Georgia Governor Perdue Skeptical Over Effort to Apologize for Slavery

Gov. Sonny Perdue said Monday he was skeptical about following Virginia's lead in having his state apologize for its role in slavery.

"Repentance comes from the heart," he said. "I'm not sure about public apologies ... as far as the motivation for them."

A bill acknowledging and apologizing for Georgia's role in the slave trade was expected to be unveiled later Monday, supported by the Georgia arm of the NAACP.

The measure also has the backing of state Senate President Pro Tem Eric Johnson, a Republican who has been meeting with black leaders in the state.

The clamor for an apology for slavery comes as Georgia considers a measure that would officially designate April as Confederate History and Heritage Month.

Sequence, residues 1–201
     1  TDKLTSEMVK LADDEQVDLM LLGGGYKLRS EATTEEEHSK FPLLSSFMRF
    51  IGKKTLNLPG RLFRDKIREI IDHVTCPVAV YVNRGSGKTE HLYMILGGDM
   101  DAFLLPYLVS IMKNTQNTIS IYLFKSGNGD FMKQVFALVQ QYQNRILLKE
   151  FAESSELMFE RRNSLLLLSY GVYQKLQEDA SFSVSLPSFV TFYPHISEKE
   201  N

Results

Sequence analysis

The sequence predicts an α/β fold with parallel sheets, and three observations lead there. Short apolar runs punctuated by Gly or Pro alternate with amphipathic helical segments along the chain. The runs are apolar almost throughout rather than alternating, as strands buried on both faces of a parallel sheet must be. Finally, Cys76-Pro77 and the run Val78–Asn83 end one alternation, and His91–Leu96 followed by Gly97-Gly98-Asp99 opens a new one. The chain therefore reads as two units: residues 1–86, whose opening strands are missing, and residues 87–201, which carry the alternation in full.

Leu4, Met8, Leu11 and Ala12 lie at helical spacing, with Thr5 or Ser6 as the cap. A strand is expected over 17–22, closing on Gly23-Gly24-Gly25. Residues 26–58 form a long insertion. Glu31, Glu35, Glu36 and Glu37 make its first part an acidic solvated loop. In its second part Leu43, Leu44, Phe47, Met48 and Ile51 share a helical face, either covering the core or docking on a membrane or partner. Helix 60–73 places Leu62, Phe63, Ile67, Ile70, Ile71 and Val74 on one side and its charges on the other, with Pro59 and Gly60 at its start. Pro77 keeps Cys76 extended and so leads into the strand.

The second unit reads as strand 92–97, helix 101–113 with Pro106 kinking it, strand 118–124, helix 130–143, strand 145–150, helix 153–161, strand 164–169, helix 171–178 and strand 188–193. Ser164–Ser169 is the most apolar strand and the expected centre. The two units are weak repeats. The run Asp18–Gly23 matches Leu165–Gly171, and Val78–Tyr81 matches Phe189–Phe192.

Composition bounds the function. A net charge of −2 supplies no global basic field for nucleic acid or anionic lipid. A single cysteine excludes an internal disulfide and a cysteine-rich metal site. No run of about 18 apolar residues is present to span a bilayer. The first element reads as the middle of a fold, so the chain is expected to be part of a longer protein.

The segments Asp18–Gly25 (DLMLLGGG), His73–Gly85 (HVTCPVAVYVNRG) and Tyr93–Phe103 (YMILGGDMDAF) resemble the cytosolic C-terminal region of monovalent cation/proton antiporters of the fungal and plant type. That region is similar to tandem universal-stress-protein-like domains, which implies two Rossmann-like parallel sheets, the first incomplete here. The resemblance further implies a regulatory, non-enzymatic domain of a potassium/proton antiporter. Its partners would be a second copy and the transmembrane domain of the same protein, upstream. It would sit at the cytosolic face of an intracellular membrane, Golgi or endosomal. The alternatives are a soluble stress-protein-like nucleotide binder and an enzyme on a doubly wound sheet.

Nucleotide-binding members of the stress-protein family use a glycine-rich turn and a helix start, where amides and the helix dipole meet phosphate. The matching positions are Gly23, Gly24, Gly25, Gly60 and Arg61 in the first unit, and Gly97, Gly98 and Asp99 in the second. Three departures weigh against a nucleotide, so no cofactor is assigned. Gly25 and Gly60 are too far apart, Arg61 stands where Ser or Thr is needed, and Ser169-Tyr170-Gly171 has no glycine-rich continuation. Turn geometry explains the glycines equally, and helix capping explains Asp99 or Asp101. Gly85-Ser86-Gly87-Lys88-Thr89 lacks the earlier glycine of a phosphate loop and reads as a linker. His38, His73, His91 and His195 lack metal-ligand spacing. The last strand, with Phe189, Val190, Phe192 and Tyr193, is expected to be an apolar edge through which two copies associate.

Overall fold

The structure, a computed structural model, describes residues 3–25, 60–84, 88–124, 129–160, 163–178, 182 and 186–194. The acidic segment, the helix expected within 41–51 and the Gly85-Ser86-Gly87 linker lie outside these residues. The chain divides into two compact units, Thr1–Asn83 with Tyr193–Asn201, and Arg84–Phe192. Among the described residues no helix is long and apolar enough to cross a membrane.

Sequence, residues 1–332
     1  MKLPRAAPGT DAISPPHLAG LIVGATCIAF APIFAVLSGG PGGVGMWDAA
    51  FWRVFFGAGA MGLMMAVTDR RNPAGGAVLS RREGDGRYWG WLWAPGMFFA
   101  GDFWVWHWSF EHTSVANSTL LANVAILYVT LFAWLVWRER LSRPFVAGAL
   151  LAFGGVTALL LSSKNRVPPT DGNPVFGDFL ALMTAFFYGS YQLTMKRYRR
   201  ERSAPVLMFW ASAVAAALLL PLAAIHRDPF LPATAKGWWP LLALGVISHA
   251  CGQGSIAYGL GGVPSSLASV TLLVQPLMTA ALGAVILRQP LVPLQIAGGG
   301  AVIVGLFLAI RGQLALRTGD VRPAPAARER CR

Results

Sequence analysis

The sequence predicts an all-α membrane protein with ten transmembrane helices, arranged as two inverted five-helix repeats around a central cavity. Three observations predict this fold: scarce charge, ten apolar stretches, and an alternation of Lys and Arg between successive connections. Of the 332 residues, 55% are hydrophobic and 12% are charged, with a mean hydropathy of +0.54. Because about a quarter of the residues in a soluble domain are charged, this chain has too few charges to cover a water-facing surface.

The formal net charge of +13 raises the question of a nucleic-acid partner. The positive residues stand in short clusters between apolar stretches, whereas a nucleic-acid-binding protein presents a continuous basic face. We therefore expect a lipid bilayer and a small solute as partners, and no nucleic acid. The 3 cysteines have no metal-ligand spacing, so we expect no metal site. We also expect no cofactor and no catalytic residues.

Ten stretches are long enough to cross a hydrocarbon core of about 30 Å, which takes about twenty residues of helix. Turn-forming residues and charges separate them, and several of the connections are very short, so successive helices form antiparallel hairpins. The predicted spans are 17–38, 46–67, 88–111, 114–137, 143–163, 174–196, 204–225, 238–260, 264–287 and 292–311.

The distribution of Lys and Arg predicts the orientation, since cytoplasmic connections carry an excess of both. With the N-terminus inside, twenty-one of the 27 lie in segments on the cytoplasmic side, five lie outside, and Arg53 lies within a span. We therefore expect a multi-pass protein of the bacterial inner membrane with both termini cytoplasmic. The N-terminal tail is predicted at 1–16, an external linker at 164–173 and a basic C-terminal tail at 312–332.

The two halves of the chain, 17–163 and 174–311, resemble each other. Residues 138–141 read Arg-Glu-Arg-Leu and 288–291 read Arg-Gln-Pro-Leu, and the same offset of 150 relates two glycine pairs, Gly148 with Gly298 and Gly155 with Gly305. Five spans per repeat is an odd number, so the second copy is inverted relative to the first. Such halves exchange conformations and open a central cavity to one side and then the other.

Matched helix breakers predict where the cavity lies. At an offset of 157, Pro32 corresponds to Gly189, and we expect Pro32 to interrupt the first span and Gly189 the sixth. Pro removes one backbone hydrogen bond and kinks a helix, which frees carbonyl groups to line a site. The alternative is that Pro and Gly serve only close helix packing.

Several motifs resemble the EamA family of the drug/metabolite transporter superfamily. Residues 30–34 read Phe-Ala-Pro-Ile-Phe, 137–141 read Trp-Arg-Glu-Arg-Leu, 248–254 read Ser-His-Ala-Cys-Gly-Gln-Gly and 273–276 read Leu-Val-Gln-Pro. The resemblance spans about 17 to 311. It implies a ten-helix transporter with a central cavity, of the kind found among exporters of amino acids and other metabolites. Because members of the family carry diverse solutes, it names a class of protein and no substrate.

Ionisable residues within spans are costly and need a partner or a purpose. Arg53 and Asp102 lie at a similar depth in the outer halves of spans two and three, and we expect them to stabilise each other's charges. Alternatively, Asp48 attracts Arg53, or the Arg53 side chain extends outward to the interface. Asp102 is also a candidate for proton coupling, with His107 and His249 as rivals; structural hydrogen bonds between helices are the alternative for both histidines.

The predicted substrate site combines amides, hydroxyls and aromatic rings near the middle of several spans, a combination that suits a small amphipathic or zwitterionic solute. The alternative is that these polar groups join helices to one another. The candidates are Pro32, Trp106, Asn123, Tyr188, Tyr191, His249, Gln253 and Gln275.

Perdue said the issue is being handled by the Legislature and he will watch what lawmakers do.

"I haven't run across anyone in Georgia who is not regretful and repentant of man's inhumanity when you talk about owning one another," the Republican governor said.

"Those of us in public office today, I think we're called to live our lives and inspire our citizens to live their lives so that our children and grandchildren have nothing to apologize for," Perdue said.

Last month, a resolution passed unanimously in Virginia expressing "profound regret" over slavery. Maryland's state Senate approved an apology resolution Friday, and lawmakers in Missouri and Congress have proposed similar measures.